In 2012, Isaac won his second House term by about the same margin as he did in deposing Rose. He defeated another Democrat, this time with the same name as the second U.S. President, John Adams, 33,604 (53.6 percent) to 26,557 (42.4 percent). The remaining 2,495 votes (4 percent) went to the Libertarian Party nominee, Jim Duke.[9] John Adams is a trustee of the Dripping Springs Independent School District and opposed Isaac's position on educational funding and women' s health issues, including Isaac's co-sponsorship of the sonogram requirement before a woman can procure an abortion in Texas.[10]

Isaac is vice chairman of the House Rules and Resolutions Committee and a member of two other committees: (1) Environmental Regulation and (2) Economic and Small Business Development. He is also a member of the Subcommittee on Manufacturing. He founded the Hill Country Caucus in the Texas House.[1]

Known for his conservative political stands, Isaac was named "Courageous Conservative" in both 2011 and 2013 by the Texas Conservative Coalition.[1] Isaac maintains the viewpoint that lower taxes and limited government work to increase individual freedom.[11]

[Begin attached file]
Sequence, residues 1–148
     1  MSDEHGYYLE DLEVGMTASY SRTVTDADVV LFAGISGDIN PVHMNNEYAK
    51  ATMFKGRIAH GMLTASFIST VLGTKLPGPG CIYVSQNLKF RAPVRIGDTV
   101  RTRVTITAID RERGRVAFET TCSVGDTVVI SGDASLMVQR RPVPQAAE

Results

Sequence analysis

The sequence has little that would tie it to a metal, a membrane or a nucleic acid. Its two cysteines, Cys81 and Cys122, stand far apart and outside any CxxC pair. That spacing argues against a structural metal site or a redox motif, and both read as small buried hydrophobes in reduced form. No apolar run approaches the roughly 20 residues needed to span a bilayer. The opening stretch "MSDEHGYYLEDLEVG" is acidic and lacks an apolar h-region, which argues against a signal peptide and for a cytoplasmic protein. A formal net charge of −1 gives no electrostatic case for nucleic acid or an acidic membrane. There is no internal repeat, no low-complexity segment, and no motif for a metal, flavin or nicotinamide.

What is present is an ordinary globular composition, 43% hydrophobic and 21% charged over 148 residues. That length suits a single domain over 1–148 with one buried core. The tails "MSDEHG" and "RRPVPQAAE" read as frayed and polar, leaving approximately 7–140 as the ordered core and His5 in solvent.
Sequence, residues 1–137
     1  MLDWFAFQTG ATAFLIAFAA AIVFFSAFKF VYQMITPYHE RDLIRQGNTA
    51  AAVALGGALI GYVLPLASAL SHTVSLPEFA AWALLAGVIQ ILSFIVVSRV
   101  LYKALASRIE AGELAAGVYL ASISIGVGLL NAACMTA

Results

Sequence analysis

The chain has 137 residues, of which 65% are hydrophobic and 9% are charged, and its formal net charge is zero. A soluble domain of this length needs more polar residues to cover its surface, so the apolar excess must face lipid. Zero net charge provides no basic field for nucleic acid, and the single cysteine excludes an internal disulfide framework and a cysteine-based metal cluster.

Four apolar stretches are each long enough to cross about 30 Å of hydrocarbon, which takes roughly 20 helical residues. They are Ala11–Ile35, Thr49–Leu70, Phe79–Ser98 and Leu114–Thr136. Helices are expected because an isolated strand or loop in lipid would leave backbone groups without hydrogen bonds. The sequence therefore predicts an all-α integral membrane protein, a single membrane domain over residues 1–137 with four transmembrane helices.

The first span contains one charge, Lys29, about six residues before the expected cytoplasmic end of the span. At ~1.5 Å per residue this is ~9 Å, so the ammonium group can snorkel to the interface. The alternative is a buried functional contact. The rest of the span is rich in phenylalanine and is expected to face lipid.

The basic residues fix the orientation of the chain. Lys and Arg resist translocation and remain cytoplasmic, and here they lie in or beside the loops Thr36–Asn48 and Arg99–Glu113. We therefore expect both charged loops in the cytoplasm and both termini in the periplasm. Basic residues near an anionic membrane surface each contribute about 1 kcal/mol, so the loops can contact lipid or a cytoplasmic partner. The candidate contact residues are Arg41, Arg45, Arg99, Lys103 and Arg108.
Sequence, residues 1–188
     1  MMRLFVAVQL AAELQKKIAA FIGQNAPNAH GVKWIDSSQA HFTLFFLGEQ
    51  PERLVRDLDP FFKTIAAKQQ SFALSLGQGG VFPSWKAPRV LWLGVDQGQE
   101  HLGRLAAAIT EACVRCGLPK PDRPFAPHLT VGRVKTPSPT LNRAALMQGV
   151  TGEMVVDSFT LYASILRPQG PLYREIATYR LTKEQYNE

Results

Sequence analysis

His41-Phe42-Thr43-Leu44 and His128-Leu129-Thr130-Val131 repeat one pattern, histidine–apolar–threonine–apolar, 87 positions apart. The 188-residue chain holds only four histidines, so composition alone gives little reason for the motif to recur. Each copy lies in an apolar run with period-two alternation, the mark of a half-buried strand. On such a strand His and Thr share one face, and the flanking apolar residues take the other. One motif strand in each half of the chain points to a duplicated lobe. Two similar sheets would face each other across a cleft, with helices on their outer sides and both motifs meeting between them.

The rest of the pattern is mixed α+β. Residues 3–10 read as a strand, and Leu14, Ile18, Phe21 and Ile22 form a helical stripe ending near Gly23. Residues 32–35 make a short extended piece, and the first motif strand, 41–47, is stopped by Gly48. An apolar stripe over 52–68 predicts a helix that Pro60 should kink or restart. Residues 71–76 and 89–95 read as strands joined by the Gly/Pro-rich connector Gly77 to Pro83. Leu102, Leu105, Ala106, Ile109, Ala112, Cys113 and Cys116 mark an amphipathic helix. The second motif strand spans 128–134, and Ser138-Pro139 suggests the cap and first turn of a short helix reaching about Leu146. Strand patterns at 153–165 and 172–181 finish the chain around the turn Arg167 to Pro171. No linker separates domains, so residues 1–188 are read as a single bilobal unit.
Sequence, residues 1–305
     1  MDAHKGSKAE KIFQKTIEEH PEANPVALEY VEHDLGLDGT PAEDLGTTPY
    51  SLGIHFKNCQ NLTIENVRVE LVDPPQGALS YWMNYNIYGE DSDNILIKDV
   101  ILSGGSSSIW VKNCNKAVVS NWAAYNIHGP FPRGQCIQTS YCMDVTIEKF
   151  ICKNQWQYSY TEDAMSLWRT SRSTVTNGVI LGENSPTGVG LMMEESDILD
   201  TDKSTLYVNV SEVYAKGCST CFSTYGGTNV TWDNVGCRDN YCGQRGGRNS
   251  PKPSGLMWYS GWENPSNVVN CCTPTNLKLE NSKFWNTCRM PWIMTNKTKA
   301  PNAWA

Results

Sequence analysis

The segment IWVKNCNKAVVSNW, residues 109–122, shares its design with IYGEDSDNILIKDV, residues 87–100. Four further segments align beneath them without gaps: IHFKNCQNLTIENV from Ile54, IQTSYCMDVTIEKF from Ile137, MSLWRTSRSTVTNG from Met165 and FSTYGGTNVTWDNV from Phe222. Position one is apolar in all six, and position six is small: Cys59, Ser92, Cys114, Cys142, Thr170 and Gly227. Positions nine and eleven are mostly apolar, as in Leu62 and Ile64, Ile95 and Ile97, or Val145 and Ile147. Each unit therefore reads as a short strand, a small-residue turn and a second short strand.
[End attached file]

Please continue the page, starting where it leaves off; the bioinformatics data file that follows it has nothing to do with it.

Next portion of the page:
Legislative voting records[edit]

A pro-life legislator, Isaac in 2013 supported the ban on abortion after twenty weeks of gestation; the measure passed the House, 96-49. He co-sponsored companion legislation to increase medical and licensing requirements of abortion providers,[12] a move which opponents said could lead to closure of many such clinics. These issues brought forth an unsuccessful filibuster in the Texas State Senate by Wendy R. Davis of Fort Worth, who in 2014 is the Democratic nominee for governor against the Republican Greg Abbott.[13] In 2011, Isaac supported two other anti-abortion measures. One forbids state funding of agencies which perform abortions. The sonogram legislation is based on the view that a woman could change her mind about an abortion once she witnesses the development of the unborn child.[12]

Isaac voted to establish a taxpayer-funded breakfast program for public schools; the measure cleared the House, 73-58. He co-sponsored legislation to provide marshals for school security as a separate law-enforcement entity. He supported the successful bill to extend the franchise tax exemption to certain businesses. Isaac voted against the adoption of the biennial state budgets in 2013 but for the 2011 budget. He voted to require testing for narcotics of those individuals receiving unemployment compensation.

Isaac supported the measure to forbid the state from engaging in the enforcement of federal regulations of firearms. He co-sponsored a similar measure to allow college and university officials to carry concealed weapons in the name of campus security. He voted to reduce the time required to obtain a concealed-carry permit. He backed the redistricting bills for the state House and Senate and the United States House of Representatives.[12]